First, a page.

Tags: Coronavirus | brain | coronavirus | cognitive

The Hidden Long-Term Cognitive Effects of COVID-19

a man wears a mask and scratches his head
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By    |   Friday, 09 October 2020 05:27 PM

More American lives have been lost due to the coronavirus than the total casualties of World War 1, the Vietnam War and the Korean War combined. While most of these deaths have been caused by pulmonary complications of the disease, new evidence reveals that the virus also attacks the nervous system. In one study, doctors found that 40% of patients with COVID-19 exhibited neurological symptoms and 30% had impaired cognition, according to experts at Harvard Medical School.

These neurological complications by themselves can be deadly. However, researchers are concerned that even if patients recover from the disease, they may suffer long-term brain damage. Andrew E. Budson, M.D., who lectures in neurology at Harvard Medical School, said there is “increasing evidence that there may be mild — but very real — brain damage that occurs in many survivors, causing pervasive yet subtle cognitive, behavioral and psychological problems.”

According to a British study, the virus can cause encephalitis by attacking the brain directly. It can also trigger strokes, particularly among older people according to another Canadian study. Another major cause of brain damage is lack of oxygen. According to The National Interest, the pathogen starves cells of life-giving oxygen, causing them to wither and die. For some individuals, this results in death.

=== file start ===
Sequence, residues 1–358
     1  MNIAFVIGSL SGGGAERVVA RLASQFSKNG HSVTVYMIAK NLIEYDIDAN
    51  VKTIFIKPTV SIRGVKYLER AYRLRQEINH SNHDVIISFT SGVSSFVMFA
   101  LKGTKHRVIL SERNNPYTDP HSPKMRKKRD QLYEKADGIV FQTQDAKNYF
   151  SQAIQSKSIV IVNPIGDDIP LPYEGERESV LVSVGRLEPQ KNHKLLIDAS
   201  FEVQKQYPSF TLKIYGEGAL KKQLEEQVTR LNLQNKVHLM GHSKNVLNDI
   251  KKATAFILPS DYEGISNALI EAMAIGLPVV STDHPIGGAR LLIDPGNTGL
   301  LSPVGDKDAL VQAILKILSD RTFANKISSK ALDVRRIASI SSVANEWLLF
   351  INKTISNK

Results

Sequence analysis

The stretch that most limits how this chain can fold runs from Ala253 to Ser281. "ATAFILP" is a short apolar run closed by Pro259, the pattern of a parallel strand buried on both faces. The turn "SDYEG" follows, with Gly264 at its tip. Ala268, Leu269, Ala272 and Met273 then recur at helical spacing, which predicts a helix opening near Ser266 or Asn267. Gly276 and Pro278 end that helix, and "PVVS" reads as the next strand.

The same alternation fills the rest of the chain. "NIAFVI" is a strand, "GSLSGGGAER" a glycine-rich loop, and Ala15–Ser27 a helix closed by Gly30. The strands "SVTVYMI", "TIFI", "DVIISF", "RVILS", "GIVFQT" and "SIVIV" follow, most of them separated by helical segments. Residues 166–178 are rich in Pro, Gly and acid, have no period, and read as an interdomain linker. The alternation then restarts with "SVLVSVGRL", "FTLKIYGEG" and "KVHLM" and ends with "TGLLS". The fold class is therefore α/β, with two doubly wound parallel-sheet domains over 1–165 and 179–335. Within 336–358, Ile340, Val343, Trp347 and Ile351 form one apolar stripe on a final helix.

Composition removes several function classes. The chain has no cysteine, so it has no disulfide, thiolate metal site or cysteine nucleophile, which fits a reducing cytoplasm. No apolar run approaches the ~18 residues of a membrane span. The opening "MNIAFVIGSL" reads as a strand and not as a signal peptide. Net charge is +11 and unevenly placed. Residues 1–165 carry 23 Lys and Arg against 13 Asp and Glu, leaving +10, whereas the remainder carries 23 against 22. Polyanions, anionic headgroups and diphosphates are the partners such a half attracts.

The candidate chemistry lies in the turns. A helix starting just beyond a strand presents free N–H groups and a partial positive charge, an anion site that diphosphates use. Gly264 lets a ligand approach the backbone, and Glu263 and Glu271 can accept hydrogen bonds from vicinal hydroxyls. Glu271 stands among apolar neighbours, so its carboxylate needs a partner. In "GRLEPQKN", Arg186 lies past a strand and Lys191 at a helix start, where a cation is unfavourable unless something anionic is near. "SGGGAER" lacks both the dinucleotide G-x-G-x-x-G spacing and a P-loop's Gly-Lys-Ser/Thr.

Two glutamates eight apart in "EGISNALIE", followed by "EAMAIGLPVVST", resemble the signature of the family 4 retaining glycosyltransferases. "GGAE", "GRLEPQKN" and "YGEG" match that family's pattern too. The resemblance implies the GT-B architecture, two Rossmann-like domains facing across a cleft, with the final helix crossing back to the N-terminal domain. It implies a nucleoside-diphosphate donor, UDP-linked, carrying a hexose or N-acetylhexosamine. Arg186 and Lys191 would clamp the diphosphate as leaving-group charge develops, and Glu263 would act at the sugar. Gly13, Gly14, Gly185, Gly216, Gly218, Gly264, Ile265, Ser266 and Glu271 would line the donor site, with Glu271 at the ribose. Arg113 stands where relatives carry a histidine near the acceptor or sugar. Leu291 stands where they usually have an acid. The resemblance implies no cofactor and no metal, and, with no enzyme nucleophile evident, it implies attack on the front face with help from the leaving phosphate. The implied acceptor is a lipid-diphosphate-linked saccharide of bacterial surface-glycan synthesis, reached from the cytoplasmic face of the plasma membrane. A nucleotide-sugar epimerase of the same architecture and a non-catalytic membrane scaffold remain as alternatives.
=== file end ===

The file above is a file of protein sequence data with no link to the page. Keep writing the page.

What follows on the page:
Budson added that for COVID-19 patients who survive intensive care, one-third show a “profound degree of cognitive impairment.” This can disrupt everyday life by affecting memory, attention, and impacting the ability to carry on normal activities such as paying bills, managing medication, or even socializing with friends.

Chinese researchers discovered that even patients who had mild cases of COVID-19 and were thought to have fully recovered suffered mild brain damage such as attention deficit disorders. They suspected that some of these patients may have suffered “silent strokes” that damage the brain.

Budson noted that silent strokes are a risk factor for dementia and larger strokes in the future. He suggested that professionals in fields of responsibility such as those in medical care, financial planning, and even political leaders, be evaluated with neuropsychological testing to ensure their cognition has not been compromised by COVID-19.

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More American lives have been lost due to the coronavirus than the total casualties of World War 1, the Vietnam War and the Korean War combined.
brain, coronavirus, cognitive
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2020-27-09
Friday, 09 October 2020 05:27 PM
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